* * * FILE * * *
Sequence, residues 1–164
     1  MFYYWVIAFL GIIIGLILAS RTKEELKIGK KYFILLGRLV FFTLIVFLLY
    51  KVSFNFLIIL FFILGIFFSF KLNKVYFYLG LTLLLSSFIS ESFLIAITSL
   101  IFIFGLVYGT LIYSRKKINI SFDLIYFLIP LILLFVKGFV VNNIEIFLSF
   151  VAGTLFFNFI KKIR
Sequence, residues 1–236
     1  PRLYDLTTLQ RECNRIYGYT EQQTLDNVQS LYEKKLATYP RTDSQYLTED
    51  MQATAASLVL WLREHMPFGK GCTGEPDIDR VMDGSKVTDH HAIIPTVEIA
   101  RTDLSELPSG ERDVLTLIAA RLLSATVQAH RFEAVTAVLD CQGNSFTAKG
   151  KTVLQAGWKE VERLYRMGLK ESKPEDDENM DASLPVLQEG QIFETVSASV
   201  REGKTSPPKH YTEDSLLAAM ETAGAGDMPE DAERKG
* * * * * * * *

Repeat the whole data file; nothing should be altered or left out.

Sequence, residues 1–164
     1  MFYYWVIAFL GIIIGLILAS RTKEELKIGK KYFILLGRLV FFTLIVFLLY
    51  KVSFNFLIIL FFILGIFFSF KLNKVYFYLG LTLLLSSFIS ESFLIAITSL
   101  IFIFGLVYGT LIYSRKKINI SFDLIYFLIP LILLFVKGFV VNNIEIFLSF
   151  VAGTLFFNFI KKIR
Sequence, residues 1–236
     1  PRLYDLTTLQ RECNRIYGYT EQQTLDNVQS LYEKKLATYP RTDSQYLTED
    51  MQATAASLVL WLREHMPFGK GCTGEPDIDR VMDGSKVTDH HAIIPTVEIA
   101  RTDLSELPSG ERDVLTLIAA RLLSATVQAH RFEAVTAVLD CQGNSFTAKG
   151  KTVLQAGWKE VERLYRMGLK ESKPEDDENM DASLPVLQEG QIFETVSASV
   201  REGKTSPPKH YTEDSLLAAM ETAGAGDMPE DAERKG